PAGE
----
Christine Sheppard wants two things: for agrochemical giant Monsanto to stop selling its Roundup weed killer, and for the company to apologize. Ever the realist, Sheppard doesn’t believe she will ever get the latter.
“I know Monsanto is going to fight this to the bitter end,” she says.
Christine wants Monsanto to stop selling Roundup herbicide because she believes that exposure to glyphosate causes cancer, specifically non-Hodgkin lymphoma. She is one of more than 800 plaintiffs to file a Roundup cancer lawsuit against Monsanto, alleging the company has long known about the herbicide’s link to cancer yet failed to warn consumers about the risk. Plaintiffs’ attorneys expect thousands will join the legal battle against Monsanto before the end of the year.
From 1996 until 2004, Christine and Kenneth Sheppard sprayed Roundup on the couple’s coffee farm in Hawaii, believing the weed killer to be safe. In 2003, Christine went to see a doctor after her right leg “swelled up enormously.” After an ultrasound was performed, she was told that she had stage IV large-cell lymphoma.
“Why me?” she wrote in an editorial for the Kona Coffee Farmers’ Association years after her diagnosis.
This year, roughly 72,000 Americans are expected to be diagnosed with non-Hodgkin lymphoma. The disease will likely kill around 20,000 in 2017, according to the American Cancer Society.
For over a decade, Christine had no idea what may have caused her to develop cancer. In 2015, she saw a report published by the World Health Organization’s International Agency for Research on Cancer (IARC) on glyphosate, one of the key ingredients in Roundup.
The IARC report concluded that glyphosate is a probable human carcinogen, and the cancers most associated with exposure to the chemical are non-Hodgkin lymphoma and other hematopoietic cancers. The report further concluded that glyphosate exposure can cause DNA and chromosomal damage in human cells, as well as genotoxic, hormonal and enzymatic effects in mammals.
“I was incensed,” Christine said after learning about the IARC report. “We had no idea.”
Plaintiffs in Monsanto Litigation Allege Glyphosate Causes Cancer
The next phase of discovery in the Monsanto litigation is expected in October. Thus far, plaintiffs’ attorneys have unearthed thousands of pages of court documents that appear to show a cozy relationship between Monsanto and the Environmental Protection Agency (EPA).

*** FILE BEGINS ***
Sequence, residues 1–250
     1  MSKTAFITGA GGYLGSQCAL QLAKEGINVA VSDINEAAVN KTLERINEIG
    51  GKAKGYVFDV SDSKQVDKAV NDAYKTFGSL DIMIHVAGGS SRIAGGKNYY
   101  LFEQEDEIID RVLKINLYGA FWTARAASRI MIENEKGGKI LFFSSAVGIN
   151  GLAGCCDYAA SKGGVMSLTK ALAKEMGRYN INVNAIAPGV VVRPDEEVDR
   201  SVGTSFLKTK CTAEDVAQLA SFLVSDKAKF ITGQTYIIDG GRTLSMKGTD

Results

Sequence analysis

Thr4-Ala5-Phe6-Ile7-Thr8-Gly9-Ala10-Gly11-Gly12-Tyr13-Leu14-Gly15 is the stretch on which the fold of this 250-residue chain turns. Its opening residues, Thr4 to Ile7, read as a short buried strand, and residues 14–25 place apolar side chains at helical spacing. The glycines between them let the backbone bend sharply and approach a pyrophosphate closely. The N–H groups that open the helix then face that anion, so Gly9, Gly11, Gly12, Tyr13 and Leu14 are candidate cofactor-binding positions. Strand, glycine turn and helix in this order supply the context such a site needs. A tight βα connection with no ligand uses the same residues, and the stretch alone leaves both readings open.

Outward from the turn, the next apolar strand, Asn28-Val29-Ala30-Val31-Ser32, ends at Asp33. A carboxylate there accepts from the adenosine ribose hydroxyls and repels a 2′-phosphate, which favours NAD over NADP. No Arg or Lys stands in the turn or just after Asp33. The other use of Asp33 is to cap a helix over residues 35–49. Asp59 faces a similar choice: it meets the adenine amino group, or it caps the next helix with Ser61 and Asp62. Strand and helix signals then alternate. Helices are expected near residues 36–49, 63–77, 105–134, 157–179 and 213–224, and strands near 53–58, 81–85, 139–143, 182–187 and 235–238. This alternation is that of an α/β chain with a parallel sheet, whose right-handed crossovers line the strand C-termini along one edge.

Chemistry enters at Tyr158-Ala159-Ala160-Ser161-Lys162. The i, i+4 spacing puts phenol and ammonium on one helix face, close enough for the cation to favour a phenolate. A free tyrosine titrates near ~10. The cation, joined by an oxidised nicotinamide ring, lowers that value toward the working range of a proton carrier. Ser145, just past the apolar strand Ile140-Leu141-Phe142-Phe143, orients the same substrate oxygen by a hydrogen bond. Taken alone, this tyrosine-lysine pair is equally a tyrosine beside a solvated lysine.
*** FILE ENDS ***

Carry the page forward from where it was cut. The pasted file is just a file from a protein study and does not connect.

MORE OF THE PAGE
Plaintiffs’ attorneys are still learning more about Jess Rowland, a former Deputy Director of the EPA’s pesticide division. Court documents have revealed that Rowland, who was once in charge of evaluating the cancer risk associated with Roundup for the agency, allegedly bragged to a Monsanto executive in 2015 that he “should get a medal” if he could kill another government agency’s investigation into whether or not glyphosate causes cancer.
Rowland also chaired the Cancer Assessment Review Committee (CARC) at EPA, and helped author a controversial report on glyphosate that Monsanto has often pointed to in supporting its claim that the chemical is safe. The CARC report found that glyphosate is not likely to cause cancer in humans. Rowland left EPA shortly after the CARC report was leaked.
On April 24, Rowland was scheduled to sit for a deposition to answer questions about his relationship with Monsanto and his post-EPA career. At the outset of the deposition, Rowland’s attorney wouldn’t let him answer questions related to his career after leaving EPA, saying “it’s unrelated to the chemical industry.”
However, after the judge in the case compelled Rowland to answer questions related to his current work, Rowland identified three companies for whom he has performed consulting work since leaving EPA. Almost unbelievably, he confirmed that he is working for three chemical companies, three companies are “close associates of Monsanto,” and that his work for them concerns chemicals.
Court documents found in discovery have also shown that Monsanto may have ghostwritten scientific papers on Roundup. An internal email from Monsanto executive William F. Heydens appears to suggest that the company could keep costs down by rubber stamping research on glyphosate, then hiring academics to sign the papers.
“We would be keeping the cost down by us doing the writing and they would just edit and sign their names so to speak,” Mr. Heydens wrote. In the same email, Heydens cited a previous instance in which the company had previously done this.
The Life of a Roundup Cancer Plaintiff
As the Roundup cancer litigation continues, Christine Sheppard is trying to manage her health and wellbeing to the best of her ability. This means that she has been forced to avoid traveling and being in crowded places because her weakened immune system.
“If I get sick, I get sick for a long, long time,” she told CNN.
She endures grueling chemotherapy sessions that have taken away much of her mobility, and is forced to rely on pain killers ever few hours to avoid terrible screaming pain.
“There’s no cure. Eventually, I will probably end up fairly immobilized,” she says.
Since her diagnosis, the Sheppards were forced to sell their coffee farm in Hawaii and move to California, where Christine has more access to the treatment that she needs. But that treatment is expensive, and in order to cover the costs, she has depleted her savings. This is why she and many others are suing Monsanto alleging that glyphosate causes cancer; to hold the company accountable and to make sure other people aren’t forced to endure what she has endured.
“They didn’t take away my life, thank goodness,” says Christine, “but they took away our dreams, our savings.”